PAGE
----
205 F2d 852 Repsholdt v. United States

205 F.2d 852




(two cases).

Nos. 10861, 10862.

United States Court of Appeals Seventh Circuit.

July 17, 1953.

As Amended on Denial of Rehearing Sept. 8, 1953.

Robert F. Doyle and Marion Hannigan, Chicago, Ill., for Repsholdt.

Stuart B. Bradley, Chicago, Ill., Tom L. Yates, Otto Kerner, Jr., U.S. Atty., Chicago, Ill., Seago, Pipin, Bradley & Vetter, Chicago, Ill., for the United States.

Before FINNEGAN, LINDLEY and SWAIM, Circuit Judges.

FINNEGAN, Circuit Judge.

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This is a libel in person and in admiralty, wherein libelant seeks to recover damages under the Suits in Admiralty Act, 46 U.S.C.A. § 742, for injuries alleged to have been received by him aboard ship as a result of respondent's negligence and, in addition, to have allowed him wages, maintenance and care as provided in the Jones Act, 46 U.S.C.A. § 688.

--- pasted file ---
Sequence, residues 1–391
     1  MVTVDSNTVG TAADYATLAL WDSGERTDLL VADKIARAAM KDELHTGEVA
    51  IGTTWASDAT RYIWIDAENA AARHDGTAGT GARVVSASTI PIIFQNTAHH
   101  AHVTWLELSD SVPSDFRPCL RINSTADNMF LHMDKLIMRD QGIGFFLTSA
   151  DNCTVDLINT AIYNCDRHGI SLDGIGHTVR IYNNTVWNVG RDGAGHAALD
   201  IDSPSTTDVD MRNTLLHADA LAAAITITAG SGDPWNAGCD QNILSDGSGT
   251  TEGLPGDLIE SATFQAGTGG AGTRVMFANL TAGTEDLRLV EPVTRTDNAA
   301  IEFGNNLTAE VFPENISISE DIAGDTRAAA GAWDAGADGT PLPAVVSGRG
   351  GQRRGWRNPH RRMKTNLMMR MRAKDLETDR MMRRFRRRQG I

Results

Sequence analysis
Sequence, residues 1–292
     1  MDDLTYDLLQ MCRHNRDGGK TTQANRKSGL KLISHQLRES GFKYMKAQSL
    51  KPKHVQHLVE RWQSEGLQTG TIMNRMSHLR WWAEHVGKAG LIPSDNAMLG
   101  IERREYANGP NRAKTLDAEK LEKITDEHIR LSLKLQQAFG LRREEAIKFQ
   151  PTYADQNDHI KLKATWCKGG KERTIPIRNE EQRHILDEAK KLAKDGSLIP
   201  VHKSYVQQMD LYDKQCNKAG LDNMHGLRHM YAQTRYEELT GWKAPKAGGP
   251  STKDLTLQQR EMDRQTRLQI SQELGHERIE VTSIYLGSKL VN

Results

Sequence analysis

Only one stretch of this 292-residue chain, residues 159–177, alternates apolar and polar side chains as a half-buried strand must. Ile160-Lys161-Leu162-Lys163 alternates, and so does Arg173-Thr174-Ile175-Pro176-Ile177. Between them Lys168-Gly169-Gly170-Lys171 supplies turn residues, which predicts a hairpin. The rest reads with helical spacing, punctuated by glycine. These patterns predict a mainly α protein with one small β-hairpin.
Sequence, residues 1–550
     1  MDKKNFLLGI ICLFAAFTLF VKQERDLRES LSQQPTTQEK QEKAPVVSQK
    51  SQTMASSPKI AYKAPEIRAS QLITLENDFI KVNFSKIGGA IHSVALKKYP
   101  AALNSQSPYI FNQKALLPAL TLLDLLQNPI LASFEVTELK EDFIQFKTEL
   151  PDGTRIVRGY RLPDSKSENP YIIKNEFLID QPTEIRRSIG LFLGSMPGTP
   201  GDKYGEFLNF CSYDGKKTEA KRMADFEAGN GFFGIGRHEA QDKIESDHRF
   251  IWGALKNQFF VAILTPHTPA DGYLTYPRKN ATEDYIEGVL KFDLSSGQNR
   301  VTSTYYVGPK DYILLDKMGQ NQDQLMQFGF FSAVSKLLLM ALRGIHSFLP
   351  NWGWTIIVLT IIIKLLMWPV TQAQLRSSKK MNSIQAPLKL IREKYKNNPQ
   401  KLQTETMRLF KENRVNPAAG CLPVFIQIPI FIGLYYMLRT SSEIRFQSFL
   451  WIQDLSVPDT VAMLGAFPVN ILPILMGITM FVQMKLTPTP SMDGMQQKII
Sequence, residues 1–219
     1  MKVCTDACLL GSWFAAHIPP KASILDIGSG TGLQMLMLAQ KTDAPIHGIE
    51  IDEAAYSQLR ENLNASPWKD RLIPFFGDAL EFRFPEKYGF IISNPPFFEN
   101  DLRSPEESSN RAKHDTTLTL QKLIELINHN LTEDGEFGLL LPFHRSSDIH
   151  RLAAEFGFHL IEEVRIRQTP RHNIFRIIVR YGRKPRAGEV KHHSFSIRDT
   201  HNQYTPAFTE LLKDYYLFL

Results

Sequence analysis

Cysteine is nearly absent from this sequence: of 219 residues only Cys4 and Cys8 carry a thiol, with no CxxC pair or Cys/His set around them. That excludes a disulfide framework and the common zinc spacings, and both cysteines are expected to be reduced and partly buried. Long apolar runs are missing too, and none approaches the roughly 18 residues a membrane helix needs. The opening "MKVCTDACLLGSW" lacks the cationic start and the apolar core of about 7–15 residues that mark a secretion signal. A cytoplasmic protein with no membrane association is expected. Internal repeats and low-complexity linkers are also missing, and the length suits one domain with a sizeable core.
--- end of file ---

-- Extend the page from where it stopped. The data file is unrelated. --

In count one of his libel he alleges 'That on or about March 6, 1948 * * * , while a storm was in progress, libelant, in the performance of his duties, proceeded to secure the gear which was under his supervision, while going to the galley to secure the gear therein as aforesaid, libelant was forced to and did walk through water that had accumulated in libelant's quarters and in the passageway between libelant's quarters and the galley, and in so doing libelant's shoes and trousers became wet. While going up the stairs leading to the galley, libelant, by reason of his wet apparel and the wet galley steps, slipped and fell on the galley steps, causing an injury to his legs and knees; libelant pulled himself up and proceeded to the galley where he again slipped and fell because of the wet condition of his wearing apparel and the galley floor, again injuring his legs and knees.'